“This election was also a near-death experience for the Right, especially White Nationalists,” Greg Johnson wrote on his racist Counter-Currents website. “We should know by now that we can’t depend upon Republicans. And Trump himself is at best on probation. We can only depend on ourselves.”
None of this is to say that radical right is not expanding, in the United States and Europe as well. It is. But its undeniable spread has brought with it the typical problems of expansion, including renewed ideological and other infighting, growing critical attention from outside the movement, and, most especially, angry internal disputes about the role and “optics” of increasing political violence.
The spate of terrorism just before the midterms—the mailing of 13 pipe bombs to liberal critics of President Trump, the massacre of 11 congregants of a Pittsburgh synagogue, and a white supremacist’s random slaying of two black people at a Kentucky grocery store—didn’t help. A CNN exit poll showed that about three-quarters of voters said extremist violence was an important factor in their midterm vote. One quarter of them said that it was the most important.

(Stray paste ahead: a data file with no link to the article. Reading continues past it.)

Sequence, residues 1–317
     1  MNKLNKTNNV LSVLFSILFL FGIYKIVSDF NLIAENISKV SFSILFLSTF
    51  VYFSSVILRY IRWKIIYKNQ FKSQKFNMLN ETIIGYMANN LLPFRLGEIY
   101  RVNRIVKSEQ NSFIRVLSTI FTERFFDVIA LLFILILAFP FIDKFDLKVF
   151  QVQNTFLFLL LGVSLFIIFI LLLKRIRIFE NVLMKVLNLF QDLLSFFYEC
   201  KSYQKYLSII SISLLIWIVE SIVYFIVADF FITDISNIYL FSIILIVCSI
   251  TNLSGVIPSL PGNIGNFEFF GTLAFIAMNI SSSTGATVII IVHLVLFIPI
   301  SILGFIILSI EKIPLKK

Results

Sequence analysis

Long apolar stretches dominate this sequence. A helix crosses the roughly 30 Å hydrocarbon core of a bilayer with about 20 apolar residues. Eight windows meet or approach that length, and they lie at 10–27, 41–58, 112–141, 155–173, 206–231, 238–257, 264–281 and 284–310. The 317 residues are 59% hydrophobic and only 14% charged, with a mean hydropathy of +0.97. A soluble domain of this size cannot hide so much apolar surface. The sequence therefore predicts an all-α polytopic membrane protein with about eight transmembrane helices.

Terror from the right is very typically an expression of frustration. This was clearly true under Barack Obama—those on the extreme right were enraged by the president’s relative liberalism, and some decided that violence was the only way forward. Americans are now witnessing the same phenomenon under Trump, as the far right sees him as increasingly isolated and in real legal jeopardy.
The terror, in other words, is a sign of weakness.
The phenomenon is not new. It began in earnest with the August 2017 “Unite the Right” rally in Charlottesville, Va. The murder there of an anti-racist counter-protester set off a movement debate about the “optics” of killing.